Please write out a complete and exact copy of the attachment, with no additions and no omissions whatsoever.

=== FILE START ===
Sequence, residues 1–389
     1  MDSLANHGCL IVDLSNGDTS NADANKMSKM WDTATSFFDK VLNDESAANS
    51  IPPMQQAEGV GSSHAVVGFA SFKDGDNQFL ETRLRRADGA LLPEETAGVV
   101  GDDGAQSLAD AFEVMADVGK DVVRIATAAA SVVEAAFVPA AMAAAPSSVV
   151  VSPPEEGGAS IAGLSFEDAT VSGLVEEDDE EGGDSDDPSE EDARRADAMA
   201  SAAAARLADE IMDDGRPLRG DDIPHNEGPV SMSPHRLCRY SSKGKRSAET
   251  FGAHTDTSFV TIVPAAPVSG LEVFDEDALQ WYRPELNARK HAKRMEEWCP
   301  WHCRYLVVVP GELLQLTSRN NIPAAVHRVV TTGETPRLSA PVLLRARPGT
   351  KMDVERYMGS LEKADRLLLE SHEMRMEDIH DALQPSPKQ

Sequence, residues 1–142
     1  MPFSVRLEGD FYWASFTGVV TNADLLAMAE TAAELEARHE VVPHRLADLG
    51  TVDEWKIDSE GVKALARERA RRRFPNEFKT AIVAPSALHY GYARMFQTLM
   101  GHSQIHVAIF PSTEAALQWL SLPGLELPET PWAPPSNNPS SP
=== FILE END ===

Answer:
Sequence, residues 1–389
     1  MDSLANHGCL IVDLSNGDTS NADANKMSKM WDTATSFFDK VLNDESAANS
    51  IPPMQQAEGV GSSHAVVGFA SFKDGDNQFL ETRLRRADGA LLPEETAGVV
   101  GDDGAQSLAD AFEVMADVGK DVVRIATAAA SVVEAAFVPA AMAAAPSSVV
   151  VSPPEEGGAS IAGLSFEDAT VSGLVEEDDE EGGDSDDPSE EDARRADAMA
   201  SAAAARLADE IMDDGRPLRG DDIPHNEGPV SMSPHRLCRY SSKGKRSAET
   251  FGAHTDTSFV TIVPAAPVSG LEVFDEDALQ WYRPELNARK HAKRMEEWCP
   301  WHCRYLVVVP GELLQLTSRN NIPAAVHRVV TTGETPRLSA PVLLRARPGT
   351  KMDVERYMGS LEKADRLLLE SHEMRMEDIH DALQPSPKQ

Sequence, residues 1–142
     1  MPFSVRLEGD FYWASFTGVV TNADLLAMAE TAAELEARHE VVPHRLADLG
    51  TVDEWKIDSE GVKALARERA RRRFPNEFKT AIVAPSALHY GYARMFQTLM
   101  GHSQIHVAIF PSTEAALQWL SLPGLELPET PWAPPSNNPS SP